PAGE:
He was the wizard of Peachtree Bend. At least that’s what his friends called him. He could tell you facts about anything that came up in conversation, and that irritated them, his friends. It didn’t matter if you were talking about the weird bird that had come to Bonnie Sue’s birdfeeder, or what was under the hood of Jimmy Johnson’s race car, Harold could go on and on with little known facts on the subjects. Most of the gang believed he was making it up.
Harold, the wizard, also loved to look at the stars. That is why he often brought his telescope to the park at night. He didn’t look like a wizard, but wore the garb of a biker: leather jacket, dew rag, jeans, and black boots. He strapped the telescope to the back of his bike, and after dark when most of the people who crowded the small square during the day had moved down to the riverfront clubs and night life, he drove to the square and set up the scope. The park had a statue of a figure on a horse. Harold knew it was General Braxton E. Fiddler, a local hero from the War Between the States. Not many people had ever heard of him. They had to read the sign at the base to learn he’d been killed in a small skirmish which had taken place on the very ground that was now the park. A park where shoppers sat down to rest and an old homeless guy played his saxophone for small change. The saxophone player used some of the change to buy peanuts that he shared with the pigeons that pooped on General Fiddler’s hat.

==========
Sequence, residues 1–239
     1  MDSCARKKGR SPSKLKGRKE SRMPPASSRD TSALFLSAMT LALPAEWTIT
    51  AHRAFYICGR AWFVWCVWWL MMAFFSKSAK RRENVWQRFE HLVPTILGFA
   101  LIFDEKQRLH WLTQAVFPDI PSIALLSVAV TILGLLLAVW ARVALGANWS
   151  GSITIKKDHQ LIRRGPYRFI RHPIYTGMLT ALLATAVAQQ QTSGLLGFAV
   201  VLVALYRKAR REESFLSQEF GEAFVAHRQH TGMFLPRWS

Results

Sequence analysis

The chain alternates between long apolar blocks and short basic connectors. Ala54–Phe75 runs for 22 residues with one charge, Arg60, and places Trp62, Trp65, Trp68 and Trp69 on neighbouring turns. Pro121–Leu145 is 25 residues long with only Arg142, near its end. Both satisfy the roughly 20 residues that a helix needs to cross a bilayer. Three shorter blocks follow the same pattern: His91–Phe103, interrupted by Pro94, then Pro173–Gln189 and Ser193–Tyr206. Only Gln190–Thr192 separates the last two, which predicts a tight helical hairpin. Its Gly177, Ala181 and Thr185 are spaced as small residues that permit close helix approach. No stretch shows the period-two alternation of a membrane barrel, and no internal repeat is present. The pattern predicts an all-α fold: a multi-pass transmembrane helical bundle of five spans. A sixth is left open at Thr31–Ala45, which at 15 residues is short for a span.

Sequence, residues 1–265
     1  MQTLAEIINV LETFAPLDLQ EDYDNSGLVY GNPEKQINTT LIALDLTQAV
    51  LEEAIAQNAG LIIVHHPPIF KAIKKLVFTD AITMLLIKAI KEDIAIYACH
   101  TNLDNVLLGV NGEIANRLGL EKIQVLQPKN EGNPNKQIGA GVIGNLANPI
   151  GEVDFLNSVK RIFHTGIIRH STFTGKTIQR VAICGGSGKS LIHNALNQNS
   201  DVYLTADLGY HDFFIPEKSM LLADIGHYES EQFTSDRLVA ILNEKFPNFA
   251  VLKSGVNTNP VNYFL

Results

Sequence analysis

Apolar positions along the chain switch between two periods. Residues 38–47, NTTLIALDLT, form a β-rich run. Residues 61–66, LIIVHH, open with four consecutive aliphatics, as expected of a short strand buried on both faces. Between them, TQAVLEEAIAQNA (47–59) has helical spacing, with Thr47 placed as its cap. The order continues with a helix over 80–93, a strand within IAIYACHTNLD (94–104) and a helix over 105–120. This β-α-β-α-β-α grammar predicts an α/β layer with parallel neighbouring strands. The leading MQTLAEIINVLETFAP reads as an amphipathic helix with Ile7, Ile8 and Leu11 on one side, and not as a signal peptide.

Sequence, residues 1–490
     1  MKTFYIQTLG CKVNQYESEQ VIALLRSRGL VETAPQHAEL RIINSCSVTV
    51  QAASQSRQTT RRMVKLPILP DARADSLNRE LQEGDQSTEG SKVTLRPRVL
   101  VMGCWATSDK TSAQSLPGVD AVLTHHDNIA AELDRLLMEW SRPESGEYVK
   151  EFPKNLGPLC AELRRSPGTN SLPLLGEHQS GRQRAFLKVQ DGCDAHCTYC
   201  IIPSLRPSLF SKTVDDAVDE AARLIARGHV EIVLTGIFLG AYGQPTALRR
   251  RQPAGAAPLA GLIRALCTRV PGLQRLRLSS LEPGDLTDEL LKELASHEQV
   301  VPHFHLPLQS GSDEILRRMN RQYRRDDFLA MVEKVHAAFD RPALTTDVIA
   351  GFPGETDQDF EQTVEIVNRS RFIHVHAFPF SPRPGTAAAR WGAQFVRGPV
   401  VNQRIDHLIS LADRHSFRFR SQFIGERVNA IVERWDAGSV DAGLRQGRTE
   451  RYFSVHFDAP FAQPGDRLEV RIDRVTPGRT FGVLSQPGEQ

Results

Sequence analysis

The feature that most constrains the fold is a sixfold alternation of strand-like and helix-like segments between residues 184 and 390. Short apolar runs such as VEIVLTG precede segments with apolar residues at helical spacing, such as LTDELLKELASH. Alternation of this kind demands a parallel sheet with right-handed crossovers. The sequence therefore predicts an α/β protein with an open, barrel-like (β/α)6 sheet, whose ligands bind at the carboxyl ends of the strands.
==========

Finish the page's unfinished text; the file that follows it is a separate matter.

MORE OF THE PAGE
But at night Harold could look at the stars in peace. He didn’t have to impress the General with his knowledge of planets and constellations, and the pigeons had gone to nearby trees to roost for the night. No, there was no distractions, no one to guess how damn lonely he was since Jeanine left him twenty-five years ago. Sometimes he thought of the blood that had been spilled on the ground where he stood, peering though the lenses that brought the universe so close it seemed he could reach out and touch the moon and the stars. Sometimes he wished he’d been there, lying at the feet of General Fiddler, watching the life ooze out of him. How much blood did it take before there was not enough to sustain life? He used to know. He’d have to look that up so if it were to come up in conversation he could tell his friends, and impress them with his knowledge.
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